Jun. 25, 2008 - Issue #662: Eamon McGrath Releases the Wild Dogs
Expelled: No Intelligence Allowed
There’s lies, damn lies and then there’s Expelled
Stein’s mastery of ideological warfare and rhetoric is displayed in Expelled, anti-science propaganda masquerading as a Michael Moore-ish fool’s journey, full of disingenuous ploys, cheap tricks, and outright mendacity to sway public opinion against the factual concept of evolution and allow religion to dominate science debate through the Trojan horse of Intelligent Design (ID)—the belief a busybody creator intimately engineers natural processes.
Expelled follows Stein as he pretends to struggle with doubts about “Darwinism” (rhetoric equating a concept key to 150 years of progress with one man, setting biologists up as devotees to a cult of personality) while manufacturing a divide that doesn’t exist by talking to scientists who claim their careers were ruined by Darwinists. Prominent figures on both sides are interviewed, like evolutionary biologist Richard Dawkins and Jonathan Wells (who was told by Rev Sun Myung Moon that God chose him to destroy Darwinism from within by earning a biology degree).
The evolutionists are made to look foolish (beyond unflattering filming and editing, good science isn’t conducive to soundbites) while anti-evolutionists are portrayed as heroic Davids working against a Goliath system.
Stein’s journey takes him to the borderlands of taste as well as sense, culminating with shots of rippling American flags, heart-rending visits to Holocaust sites and accusations that the idea of evolution is responsible for Hitler. (Why science? Why not corporations, since Faber and IBM directly participated in the Holocaust? Why hasn’t Leni Riefenstahl’s Triumph of the Will tainted the entire art of movie-making?)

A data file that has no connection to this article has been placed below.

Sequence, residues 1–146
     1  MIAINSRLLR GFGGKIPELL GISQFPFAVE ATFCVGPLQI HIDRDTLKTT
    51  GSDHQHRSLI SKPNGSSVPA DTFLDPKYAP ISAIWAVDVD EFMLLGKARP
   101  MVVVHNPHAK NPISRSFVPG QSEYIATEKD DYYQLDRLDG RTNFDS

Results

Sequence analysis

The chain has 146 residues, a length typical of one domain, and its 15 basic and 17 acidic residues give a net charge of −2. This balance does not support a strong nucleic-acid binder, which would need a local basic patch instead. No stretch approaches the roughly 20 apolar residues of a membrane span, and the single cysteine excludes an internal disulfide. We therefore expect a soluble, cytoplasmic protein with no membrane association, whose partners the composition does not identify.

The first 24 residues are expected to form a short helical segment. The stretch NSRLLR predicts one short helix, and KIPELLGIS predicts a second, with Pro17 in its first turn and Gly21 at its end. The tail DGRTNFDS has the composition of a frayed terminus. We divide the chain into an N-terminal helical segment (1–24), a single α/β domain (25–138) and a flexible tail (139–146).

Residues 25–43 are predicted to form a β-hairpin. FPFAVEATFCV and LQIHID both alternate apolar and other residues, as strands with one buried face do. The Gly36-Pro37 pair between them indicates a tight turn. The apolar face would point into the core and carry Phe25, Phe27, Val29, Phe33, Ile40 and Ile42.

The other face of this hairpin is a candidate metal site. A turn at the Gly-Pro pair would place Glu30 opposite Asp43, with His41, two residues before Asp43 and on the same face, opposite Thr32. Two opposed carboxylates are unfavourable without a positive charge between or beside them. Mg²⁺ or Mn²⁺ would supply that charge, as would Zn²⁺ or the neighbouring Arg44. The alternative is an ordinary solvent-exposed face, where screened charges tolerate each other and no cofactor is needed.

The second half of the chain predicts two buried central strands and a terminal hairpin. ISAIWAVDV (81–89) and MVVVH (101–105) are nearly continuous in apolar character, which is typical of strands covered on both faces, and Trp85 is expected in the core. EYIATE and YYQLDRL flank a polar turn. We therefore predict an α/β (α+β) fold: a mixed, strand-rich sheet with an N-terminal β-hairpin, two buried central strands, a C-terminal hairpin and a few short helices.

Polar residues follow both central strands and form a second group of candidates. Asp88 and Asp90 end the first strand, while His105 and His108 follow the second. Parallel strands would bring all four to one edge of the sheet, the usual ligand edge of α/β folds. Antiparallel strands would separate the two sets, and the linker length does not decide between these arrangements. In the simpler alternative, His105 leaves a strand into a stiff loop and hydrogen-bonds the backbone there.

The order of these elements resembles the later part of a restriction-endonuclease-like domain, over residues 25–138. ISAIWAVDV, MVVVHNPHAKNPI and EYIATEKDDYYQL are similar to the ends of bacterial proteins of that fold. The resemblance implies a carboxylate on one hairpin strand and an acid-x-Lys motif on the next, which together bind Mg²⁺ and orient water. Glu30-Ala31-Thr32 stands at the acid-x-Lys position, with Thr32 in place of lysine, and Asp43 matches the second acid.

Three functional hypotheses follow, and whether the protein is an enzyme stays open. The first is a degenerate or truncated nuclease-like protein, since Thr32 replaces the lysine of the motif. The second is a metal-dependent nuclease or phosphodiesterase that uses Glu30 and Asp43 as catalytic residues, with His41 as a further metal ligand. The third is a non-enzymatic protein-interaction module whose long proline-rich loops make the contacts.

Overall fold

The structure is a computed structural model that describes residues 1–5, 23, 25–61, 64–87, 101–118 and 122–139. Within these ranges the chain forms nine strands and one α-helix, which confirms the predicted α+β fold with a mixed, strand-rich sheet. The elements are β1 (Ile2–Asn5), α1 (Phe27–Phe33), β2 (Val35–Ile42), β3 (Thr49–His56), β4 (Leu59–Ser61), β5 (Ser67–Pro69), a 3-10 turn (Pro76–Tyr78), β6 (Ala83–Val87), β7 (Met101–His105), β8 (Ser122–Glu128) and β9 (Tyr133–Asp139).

The film concludes that if evolution is upheld unopposed, we’re headed for another Holocaust, with rampant euthanasia and abortions, and ends with a call to activism.
It’s skillful, stealthy and sophisticated cinematic manipulation as well as completely fabricated hysteria. Stein appropriates language of intellectual freedom (“Why can’t we have a debate?”; “Why’s Big Science silencing people?”), mixes it with a score evoking righteous purpose (Yoko Ono tried to have “Imagine” taken off the soundtrack, but lost to fair use laws that protect satirists) and a barrage of riveting imagery.
What’s curious is that the film never actually argues either side, and neither evolution nor ID is even fully defined. That’s their poisonous cleverness: the point is simply to introduce doubt, not to make an argument, because the argument is un-winnable. It’s based on ideology, not evidence, and as such has zero place in scientific debate.
To understand Expelled as a cultural artifact, you need to know it’s a manifestation of the “wedge strategy,” a marketing plan developed by the Discovery Institute (one of Stein’s faux sources) that seeks to re-establish religious values in American life by introducing the concept of a creator in science classrooms. This is an old conflict, with ID merely the latest guise in a war on secular life.
Both the wedge and Expelled have been extensively documented and dismantled, and ID was discredited in the recent well-documented Dover case (see our website, vueweekly.com, for a complete list of resources). Instances of so-called “discrimination” have been refuted, and the movement has been extensively analyzed. Evolution, in contrast, continues to bear fruit in all areas of biology.
The biggest lie in Expelled is its conclusion. It fancies itself authority enough to fantasize an endpoint of embracing the concept of evolution, but fails to articulate its own endpoint: invoking a creator instead of a natural process as the basis of science means an end to asking questions, because it’s a threat to the notion of absolute morality. That’s the “intellectual freedom” anti-freedom, anti-intellectuals ultimately seek—to imprison everyone in their ignorance. V
Opens Fri, Jun 27
Expelled: No Intelligence Allowed
Directed by Nathan Frankowski
Written by Kevin Miller, Walt Ruloff,
The following DVDs are available at Edmonton Public Library:
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